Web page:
ALMAGRO, town in Castile, Spain, administrative center of the Order of *Calatrava. Jews probably settled there soon after the Christian reconquest (14th century). It was one of only four communities in the area of Ciudad Real that existed in the 14th and 15th centuries. The community developed during the 15th century, when cities in the crown domains offered little security to their Jewish population, but from the amount of tax paid it was a small one. During the 1460s it was able to construct a synagogue. There was also a sizeable *Converso group, and many Conversos from Ciudad Real took refuge there when they were attacked in 1449, 1469, and 1474. A number of the New Christians in Almagro were sentenced by the Inquisition in Ciudad Real and Toledo. The Jewish community was assessed to pay 800 maravedis in 1474 and 4,365 maravedis in 1485 to finance the war against Granada, and survived until the expulsion of the Jews from Spain in 1492. There is no information on the location of the Jewish quarter.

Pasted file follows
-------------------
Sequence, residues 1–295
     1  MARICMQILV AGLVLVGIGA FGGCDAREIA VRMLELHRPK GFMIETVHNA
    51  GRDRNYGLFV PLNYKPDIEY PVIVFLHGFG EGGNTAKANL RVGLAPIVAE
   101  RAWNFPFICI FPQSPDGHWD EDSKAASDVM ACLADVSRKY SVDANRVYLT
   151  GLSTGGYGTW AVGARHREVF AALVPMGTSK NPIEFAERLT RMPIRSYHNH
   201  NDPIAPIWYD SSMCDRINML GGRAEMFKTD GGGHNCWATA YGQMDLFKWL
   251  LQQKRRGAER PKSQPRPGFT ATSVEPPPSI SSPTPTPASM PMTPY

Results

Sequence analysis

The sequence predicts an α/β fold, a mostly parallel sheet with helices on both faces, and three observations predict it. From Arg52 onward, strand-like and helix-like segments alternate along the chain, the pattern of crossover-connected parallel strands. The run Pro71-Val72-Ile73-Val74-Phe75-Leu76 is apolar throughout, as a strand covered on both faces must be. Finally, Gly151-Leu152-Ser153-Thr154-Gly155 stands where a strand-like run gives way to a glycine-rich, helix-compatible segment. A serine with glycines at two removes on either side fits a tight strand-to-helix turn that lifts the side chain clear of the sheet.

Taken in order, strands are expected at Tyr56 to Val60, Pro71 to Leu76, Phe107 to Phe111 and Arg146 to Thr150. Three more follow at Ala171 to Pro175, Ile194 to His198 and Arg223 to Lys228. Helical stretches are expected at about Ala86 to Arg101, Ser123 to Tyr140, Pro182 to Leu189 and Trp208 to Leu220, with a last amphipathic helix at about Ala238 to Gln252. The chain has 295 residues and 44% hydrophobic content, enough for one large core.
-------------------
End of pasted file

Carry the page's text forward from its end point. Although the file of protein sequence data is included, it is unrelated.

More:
H. Beinart, in: Sefer Yovel… Y. Baer (1960), 207–15; idem, Anusim be-Din ha-Inkviziẓyah (1965), index; Baer, Urkunden, pt. 2 (1936), 370; Suárez Fernández, Documentos, 65, 80.
Source: Encyclopaedia Judaica. © 2008 The Gale Group. All Rights Reserved.